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An article in Nature discusses the financial implications of coins found at Pompeii.

Roman Collector

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When Mount Vesuvius erupted in AD 79, hundreds of people who had failed to flee the nearby city of Pompeii were killed by toxic gases and volcanic debris. Now, an analysis of ancient coins found with skeletons in Pompeii hints at the economic status of those who remained. You may read about it here at the science journal, Nature (sadly, a subscription is required to read the whole article).

Roman bronze coins found in the Thermopolium of Vetutius Placidus in Pompeii, Italy in May 1939.
Cash boxes in a Pompeiian tavern held nearly 1,500 coins (sample pictured) in total.

Here's one of mine that could have been spent in Pompeii on a less dangerous day:

Vespasian, AD 69-79.
Roman AR denarius, 3.18 g, 18.4 mm, 6 h.
Rome, AD 73.
Obv: IMP CAES VESP AVG P M COS IIII CEN, laureate head, right.
Rev: SALVS AVG, Salus seated left, holding patera, left hand at side.
Refs: RIC 58; RIC 2.1 522; BMCRE 87-89; Cohen/RSC 432; CBN 76; RCV 2307.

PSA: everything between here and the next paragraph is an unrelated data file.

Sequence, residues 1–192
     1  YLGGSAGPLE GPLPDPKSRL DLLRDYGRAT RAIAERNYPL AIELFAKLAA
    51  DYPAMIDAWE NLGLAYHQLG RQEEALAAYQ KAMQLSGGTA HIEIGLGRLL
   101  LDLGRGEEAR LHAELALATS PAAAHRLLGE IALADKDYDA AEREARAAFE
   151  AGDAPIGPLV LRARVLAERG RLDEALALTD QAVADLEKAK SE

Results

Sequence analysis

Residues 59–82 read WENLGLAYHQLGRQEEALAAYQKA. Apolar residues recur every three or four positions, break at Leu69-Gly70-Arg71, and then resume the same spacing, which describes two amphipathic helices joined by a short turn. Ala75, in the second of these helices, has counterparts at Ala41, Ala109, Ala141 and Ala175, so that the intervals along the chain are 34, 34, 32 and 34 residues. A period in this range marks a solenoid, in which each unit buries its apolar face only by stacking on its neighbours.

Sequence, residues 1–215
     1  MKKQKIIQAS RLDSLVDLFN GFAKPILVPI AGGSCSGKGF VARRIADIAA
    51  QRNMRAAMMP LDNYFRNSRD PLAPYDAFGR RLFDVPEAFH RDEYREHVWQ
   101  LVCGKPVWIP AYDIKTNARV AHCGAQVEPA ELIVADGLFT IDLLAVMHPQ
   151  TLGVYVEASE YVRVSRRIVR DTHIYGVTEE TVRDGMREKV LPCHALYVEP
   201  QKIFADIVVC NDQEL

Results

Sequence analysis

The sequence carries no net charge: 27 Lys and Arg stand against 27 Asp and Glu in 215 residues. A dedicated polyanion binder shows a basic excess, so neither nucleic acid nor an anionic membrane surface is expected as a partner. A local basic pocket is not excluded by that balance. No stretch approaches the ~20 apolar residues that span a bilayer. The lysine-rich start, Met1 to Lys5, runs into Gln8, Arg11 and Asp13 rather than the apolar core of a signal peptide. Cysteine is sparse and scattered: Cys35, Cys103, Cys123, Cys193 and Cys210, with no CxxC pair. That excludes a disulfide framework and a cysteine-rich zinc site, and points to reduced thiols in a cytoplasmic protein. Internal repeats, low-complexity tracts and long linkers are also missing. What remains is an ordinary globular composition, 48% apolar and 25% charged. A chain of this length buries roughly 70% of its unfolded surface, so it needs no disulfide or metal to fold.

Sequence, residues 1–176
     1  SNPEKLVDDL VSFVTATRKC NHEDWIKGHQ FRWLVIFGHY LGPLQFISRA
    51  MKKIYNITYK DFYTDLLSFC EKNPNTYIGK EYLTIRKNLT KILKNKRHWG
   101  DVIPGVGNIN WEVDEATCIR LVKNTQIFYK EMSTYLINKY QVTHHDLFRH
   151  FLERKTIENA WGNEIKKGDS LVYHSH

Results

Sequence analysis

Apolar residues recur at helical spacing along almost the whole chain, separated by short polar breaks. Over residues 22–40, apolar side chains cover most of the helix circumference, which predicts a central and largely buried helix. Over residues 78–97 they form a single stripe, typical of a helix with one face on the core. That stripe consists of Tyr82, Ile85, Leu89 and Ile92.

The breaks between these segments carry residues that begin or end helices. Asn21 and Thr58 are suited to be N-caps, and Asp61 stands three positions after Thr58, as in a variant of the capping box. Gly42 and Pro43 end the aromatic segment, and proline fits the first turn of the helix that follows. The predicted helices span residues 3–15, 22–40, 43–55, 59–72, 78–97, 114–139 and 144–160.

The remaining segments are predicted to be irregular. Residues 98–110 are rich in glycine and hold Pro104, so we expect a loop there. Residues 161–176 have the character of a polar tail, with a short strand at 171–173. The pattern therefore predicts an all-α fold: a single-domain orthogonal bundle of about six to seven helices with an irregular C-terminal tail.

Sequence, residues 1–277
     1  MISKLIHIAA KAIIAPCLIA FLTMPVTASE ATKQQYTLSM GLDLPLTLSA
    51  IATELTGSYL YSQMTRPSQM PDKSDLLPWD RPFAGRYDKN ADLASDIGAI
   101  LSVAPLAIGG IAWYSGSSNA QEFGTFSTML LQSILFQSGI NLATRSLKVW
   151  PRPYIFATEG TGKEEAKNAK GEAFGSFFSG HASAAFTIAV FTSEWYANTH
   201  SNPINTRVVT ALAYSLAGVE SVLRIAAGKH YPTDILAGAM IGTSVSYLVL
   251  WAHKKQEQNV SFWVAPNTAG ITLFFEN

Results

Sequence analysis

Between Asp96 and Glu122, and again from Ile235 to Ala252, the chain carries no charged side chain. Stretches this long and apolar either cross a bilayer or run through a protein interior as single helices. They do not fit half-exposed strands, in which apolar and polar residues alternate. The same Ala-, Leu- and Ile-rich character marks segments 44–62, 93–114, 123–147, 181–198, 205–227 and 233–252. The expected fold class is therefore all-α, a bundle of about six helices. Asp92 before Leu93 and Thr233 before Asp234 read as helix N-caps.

Let's see your coins of the mid-first century that might have been spent at Pompeii on a luckier day!

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Aureus of Nero 66-67 AD Obv Head right laureate. Rv Jupiter seated left holding thunderbolt. RIC 63 7.33 grms 18 mm Boscoreale Hoard found in 1985 Photo by W. Hansenneroav2.jpg.047d0073383db0d3d8c20da8b701c912.jpgThough found in 1895 this hoard was not catalogued until 1909. After the hoard was discovered the coins were sent to Paris where they entered the market. In the article published in 1909 Cesar Capessa records slightly over 1000 aureii as being a part of this hoard. The aureii of Nero make up a large percentage of the coins recorded with something 212 examples being of the IVPPITER CVSTOS type  alone. It seems clear from the numbers of aureii of Nero found in this hoard that the owner of the villa rustica at Boscoreale had profited from the massive rebuilding effort at Rome carried out by Nero in the aftermath of the Great Fire of 64 AD

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